Dandelions have exploded into bloom everywhere I look, Maple trees are blooming red & forsythias are blooming lemon-yellow. And everything is green, so GREEN! Lilac bushes with little bunches of buds waiting for their springtime debut, and the forest underbrush is filling out in all different shades of hope & life & renewal.
Hopefully I can get back to work this week, maybe just doing light stuff, but I'm starting to get bored with lying down all the time. I did read some really interesting books, though.
A good one I recommend to anyone, it's an exciting read-- "Mad Sheep: The True Story Behind the USDA's War on a Family Farm" http://www.chelseagreen.com/2006/items/madsheep
And I watched a really cute documentary "The Grange Fair: An American Tradition" about the last remaining agricultural encampment fair in the United States, in Centre County, Pennsylvania. Lots of great 4-H'er footage with their animals. I want to be a 4-H'er!
Been eating dandelions a lot. Good stuff! Raw, steamed... I'm going to try lactofermenting them (dandekraut!) and boiling the roots & buds. And who knows ,dandelion wine perhaps>?
To research: http://www.scouts.net.nz/cm/resources/programmes/R046.pdf
Some dandelion tidbits from
In Canada, the plant's root is registered as a drug. It treats conditions such as anemia, kidney disease, jaundice, arthritis, respiratory infections and gallstones, to name a few of many uses.
The plant's milky juices, which contain latex, help get rid of warts and can repel mosquitoes.
Dandelions are also known to reduce obesity. In scientific studies, rats and humans injected with dandelion lost up to 30 per cent of their body weight.
But the plant's most popularly known medicinal use is as a diuretic.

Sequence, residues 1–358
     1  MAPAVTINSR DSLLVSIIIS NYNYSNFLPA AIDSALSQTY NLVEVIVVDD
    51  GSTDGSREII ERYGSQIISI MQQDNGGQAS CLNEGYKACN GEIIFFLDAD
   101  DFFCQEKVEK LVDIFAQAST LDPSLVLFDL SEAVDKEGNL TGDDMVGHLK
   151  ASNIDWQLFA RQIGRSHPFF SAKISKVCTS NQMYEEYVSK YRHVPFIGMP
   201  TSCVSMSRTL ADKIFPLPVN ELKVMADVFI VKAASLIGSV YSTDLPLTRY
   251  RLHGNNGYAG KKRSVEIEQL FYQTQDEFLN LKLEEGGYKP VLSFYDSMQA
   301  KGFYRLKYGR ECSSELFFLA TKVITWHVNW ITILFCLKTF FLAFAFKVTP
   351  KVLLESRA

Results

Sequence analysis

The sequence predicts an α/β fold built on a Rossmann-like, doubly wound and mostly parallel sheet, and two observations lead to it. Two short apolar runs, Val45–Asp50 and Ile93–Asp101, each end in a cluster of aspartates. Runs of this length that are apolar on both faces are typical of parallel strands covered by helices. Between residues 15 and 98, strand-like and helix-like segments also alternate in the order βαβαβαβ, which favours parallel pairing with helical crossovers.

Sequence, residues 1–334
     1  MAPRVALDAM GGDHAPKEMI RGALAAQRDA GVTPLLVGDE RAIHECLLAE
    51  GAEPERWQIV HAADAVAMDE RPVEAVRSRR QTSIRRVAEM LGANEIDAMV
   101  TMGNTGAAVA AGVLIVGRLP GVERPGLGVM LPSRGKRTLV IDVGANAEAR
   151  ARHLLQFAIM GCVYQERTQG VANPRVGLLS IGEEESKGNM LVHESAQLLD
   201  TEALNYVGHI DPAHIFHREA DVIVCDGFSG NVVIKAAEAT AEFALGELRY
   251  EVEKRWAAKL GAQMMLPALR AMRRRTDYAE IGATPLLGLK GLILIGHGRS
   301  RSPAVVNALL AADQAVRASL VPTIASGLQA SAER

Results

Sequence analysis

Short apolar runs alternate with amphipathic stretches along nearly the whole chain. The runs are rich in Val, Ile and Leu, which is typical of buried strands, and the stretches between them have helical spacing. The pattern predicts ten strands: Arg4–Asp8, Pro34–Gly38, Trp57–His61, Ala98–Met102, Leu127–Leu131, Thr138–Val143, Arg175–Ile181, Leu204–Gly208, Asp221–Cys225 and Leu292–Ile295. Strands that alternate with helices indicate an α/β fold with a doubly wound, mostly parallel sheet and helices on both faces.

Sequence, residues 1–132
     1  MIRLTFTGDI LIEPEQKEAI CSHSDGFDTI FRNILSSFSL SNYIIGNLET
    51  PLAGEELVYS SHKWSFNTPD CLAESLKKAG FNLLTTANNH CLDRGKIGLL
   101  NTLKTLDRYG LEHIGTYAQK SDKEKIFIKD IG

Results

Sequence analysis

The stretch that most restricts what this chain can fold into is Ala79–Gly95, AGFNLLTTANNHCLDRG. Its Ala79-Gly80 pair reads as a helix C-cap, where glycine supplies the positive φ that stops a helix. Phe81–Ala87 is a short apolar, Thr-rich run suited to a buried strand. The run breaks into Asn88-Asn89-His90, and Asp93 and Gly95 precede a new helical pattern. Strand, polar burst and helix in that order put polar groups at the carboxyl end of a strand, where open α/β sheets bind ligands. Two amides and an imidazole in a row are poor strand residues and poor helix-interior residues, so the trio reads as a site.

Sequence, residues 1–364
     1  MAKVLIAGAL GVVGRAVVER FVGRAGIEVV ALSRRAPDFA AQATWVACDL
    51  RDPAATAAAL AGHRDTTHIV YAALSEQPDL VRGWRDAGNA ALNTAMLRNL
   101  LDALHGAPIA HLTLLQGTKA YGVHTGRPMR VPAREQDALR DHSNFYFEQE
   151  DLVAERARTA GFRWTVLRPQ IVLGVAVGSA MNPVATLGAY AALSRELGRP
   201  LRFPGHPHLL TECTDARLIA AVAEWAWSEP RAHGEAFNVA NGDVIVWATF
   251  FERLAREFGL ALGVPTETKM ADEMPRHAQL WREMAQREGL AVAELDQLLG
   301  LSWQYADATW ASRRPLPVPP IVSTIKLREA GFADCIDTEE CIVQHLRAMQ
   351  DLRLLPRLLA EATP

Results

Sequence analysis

When eaten, dandelions can be surprisingly good for you. Half a cup of leaves has more calcium than a glass of milk. They're also an excellent source of iron, vitamin A, potassium and vitamin C.
In fact, when counting overall nutritional value, the U.S. Agriculture Department puts dandelion ahead of broccoli and spinach.
The best-tasting dandelions are the youngest spring ones, picked before they flower — usually in April or May. (But make sure you pick them from an organic lawn!)
The hardy dandelions tend to absorb toxins. And even with new pesticide bylaws, the soil containing them takes many years to replenish itself.
Harvesting non-toxic dandelions means choosing plants far from the roadside in a pesticide-free backyard or farmer's field, or in a wooded area.
How to cook them:
First, double-wash the dandelions in a sink of cold water. (They tend to be sandy.)
Cover them with water in a pot, and bring to a boil.
Much like spinach, they are ready once wilted and the water turns colour.
If using older plants, rinse and boil them again to take away excess bitterness.
Drain cooked dandelions and transfer to a pan with one to two tablespoons of olive oil and a clove of chopped garlic.
If desired, season with salt and red pepper flakes.
Then, lightly sauté on low heat for about 15 minutes.